Establish Divorce Settlement

You should try to create a divorce settlement agreement with your spouse that determines how the monthly payment plan of a Chapter 13 petition will be divided between you. Failing to reach an agreement means that you may have to handle the matter in court, which may reject the notion of designating one spouse as solely responsible for the debt.

Talk to Your Trustee

You need to talk to the trustee assigned to your case about your plans to file for divorce. Your trustee receives monthly payments and allocates them to your creditors according to your payment plan, so he or she will need to review your proposed divorce settlement and individual spousal incomes.

Call (877) 891-1638 to discuss your filing options with Milwaukee bankruptcy attorney Michael Burr. We provide affordable services to help eliminate or consolidate your debts. Our goal is to help you find permanent relief from your financial hardship and secure a positive financial future.

A Married Couple’s Guide to Filing Bankruptcy

Wisconsin is known as a community property state. This means that any assets or debts that a married couple collects during marriage belong to both of them. Even if the wife is a stay at home mother, her husband’s credit card debt burden legally belongs to her. When filing for Milwaukee bankruptcy, couples need to consider whether the debt they need to discharge was incurred before or during their marriage.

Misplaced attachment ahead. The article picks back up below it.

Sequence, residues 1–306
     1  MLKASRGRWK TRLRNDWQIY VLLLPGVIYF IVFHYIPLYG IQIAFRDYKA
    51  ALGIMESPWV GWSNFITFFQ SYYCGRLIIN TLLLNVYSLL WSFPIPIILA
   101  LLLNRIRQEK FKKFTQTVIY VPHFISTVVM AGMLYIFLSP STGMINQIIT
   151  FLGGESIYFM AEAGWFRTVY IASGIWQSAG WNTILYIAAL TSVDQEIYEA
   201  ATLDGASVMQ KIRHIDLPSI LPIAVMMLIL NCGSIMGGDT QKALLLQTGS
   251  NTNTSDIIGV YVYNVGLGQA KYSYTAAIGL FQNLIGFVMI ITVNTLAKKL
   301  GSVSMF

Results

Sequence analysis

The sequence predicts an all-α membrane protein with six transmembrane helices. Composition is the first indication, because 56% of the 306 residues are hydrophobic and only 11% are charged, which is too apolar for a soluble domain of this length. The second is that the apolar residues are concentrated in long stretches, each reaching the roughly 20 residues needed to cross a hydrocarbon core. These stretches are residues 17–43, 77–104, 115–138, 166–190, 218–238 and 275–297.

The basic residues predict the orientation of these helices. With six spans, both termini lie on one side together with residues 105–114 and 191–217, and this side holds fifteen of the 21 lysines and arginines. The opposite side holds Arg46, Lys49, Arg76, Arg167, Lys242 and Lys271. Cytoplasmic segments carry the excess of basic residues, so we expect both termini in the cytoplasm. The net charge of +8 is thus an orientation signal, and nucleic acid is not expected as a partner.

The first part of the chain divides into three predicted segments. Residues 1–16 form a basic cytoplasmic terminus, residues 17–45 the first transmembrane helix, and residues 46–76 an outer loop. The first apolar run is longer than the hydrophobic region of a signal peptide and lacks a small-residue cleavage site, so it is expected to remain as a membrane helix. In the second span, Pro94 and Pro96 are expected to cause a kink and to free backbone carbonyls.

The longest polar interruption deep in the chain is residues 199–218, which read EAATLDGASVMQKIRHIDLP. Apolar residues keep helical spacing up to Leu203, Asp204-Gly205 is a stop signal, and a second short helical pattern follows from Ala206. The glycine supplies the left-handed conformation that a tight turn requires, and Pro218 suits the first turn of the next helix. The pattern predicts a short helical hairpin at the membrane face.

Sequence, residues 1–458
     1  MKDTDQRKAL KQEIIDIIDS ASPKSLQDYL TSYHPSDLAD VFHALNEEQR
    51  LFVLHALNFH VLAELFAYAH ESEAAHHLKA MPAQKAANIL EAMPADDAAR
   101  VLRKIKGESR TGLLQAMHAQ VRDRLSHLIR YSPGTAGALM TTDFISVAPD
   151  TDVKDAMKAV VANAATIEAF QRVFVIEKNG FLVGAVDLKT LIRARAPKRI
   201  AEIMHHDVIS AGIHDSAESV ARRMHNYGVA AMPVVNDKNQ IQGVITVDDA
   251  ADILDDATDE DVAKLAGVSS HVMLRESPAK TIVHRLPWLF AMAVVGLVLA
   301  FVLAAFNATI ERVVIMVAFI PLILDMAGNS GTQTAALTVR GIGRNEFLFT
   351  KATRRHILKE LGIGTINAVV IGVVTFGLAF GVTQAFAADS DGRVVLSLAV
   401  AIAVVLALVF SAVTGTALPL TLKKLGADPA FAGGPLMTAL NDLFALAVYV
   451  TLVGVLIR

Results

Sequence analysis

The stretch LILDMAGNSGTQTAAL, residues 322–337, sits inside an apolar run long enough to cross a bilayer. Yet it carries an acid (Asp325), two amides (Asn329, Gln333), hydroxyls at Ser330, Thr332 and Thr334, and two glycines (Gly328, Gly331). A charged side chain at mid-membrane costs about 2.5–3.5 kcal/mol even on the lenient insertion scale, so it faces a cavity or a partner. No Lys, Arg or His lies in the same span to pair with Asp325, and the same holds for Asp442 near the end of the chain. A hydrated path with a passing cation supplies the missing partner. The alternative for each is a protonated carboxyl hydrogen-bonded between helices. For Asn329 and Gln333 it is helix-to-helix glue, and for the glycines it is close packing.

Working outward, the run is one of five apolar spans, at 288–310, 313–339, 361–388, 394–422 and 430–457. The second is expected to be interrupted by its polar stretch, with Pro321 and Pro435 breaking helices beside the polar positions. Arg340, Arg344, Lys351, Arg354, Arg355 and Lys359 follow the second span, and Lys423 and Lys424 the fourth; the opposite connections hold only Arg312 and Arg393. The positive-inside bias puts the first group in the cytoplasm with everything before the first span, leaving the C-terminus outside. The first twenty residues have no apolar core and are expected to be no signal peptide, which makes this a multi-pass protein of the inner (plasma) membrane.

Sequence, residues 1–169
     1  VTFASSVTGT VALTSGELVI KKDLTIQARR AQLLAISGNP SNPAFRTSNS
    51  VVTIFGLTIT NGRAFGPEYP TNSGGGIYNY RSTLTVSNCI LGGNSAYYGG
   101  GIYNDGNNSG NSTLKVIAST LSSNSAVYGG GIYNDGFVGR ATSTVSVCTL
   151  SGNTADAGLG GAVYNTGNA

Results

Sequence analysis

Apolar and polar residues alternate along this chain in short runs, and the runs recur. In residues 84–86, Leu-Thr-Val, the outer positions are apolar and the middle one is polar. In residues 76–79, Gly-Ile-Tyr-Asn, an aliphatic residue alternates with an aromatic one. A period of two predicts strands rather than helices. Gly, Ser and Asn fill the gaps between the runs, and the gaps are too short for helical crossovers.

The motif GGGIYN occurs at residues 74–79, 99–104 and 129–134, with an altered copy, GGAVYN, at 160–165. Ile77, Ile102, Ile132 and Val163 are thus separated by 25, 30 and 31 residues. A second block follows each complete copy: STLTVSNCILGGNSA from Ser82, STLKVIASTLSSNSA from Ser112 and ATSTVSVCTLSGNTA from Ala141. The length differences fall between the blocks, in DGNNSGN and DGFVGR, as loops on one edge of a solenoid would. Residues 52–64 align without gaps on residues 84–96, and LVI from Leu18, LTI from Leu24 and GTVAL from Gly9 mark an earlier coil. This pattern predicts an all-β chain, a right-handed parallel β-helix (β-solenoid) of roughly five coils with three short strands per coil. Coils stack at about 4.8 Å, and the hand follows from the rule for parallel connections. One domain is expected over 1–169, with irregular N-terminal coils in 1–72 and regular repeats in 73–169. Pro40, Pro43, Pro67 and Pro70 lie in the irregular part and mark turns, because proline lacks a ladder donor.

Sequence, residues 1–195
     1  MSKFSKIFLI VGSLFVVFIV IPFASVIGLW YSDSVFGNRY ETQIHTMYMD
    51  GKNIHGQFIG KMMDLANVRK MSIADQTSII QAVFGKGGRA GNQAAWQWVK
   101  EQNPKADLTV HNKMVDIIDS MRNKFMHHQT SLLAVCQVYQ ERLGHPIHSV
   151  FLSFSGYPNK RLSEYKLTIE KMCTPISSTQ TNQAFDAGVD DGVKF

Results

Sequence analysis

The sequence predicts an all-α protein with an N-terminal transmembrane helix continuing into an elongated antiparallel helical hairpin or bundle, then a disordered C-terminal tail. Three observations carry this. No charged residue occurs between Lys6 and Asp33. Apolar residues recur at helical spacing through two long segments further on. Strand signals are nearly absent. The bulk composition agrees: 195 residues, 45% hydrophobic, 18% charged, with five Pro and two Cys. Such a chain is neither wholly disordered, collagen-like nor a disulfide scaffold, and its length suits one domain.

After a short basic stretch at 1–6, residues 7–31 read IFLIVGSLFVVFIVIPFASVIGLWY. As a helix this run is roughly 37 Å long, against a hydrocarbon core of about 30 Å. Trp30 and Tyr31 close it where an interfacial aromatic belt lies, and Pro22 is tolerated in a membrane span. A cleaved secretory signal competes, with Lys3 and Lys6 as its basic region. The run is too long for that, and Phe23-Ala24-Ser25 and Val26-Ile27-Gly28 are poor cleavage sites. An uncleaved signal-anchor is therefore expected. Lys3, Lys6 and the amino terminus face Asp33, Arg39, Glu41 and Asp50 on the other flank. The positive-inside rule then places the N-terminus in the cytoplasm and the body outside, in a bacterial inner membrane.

Filing Jointly

Most often, if you and your spouse have debt—from remodeling a home, getting behind on your mortgage payments, or racking up credit card bills—you will jointly file. This means that both of your “estates” will be financially affected, and creditors can look to repossess or sell property that belongs to both of you or was acquired during marriage. Wisconsin’s community property laws mean that you and your spouse will be affected evenly. Depending on your situation, this option will protect most of your assets and help you discharge more debts than with an individual petition.

One Spouse Filing on His or Her Own

Sometimes, one spouse incurs a great deal of debt in his or her name only, or incurs the debt in its entirety before marriage. If so, he or she can file without requiring their spouse to do so as well. However, the courts will generally require information from the spouse about salary and other assets of the non-filing in order to determine whether or not the filing spouse qualifies for Chapter 7 or Chapter 13 bankruptcy.

If you are a married couple looking to Milwaukee bankruptcy as a solution to your financial burdens, contact Burr Law Office today. We can help apply the U.S. bankruptcy law to your family’s specific financial situation. Call (262) 827-0375 to see how we can protect your assets while discharging debt! If you are in Milwaukee and looking for a bankruptcy lawyers near me, call Burr Law today.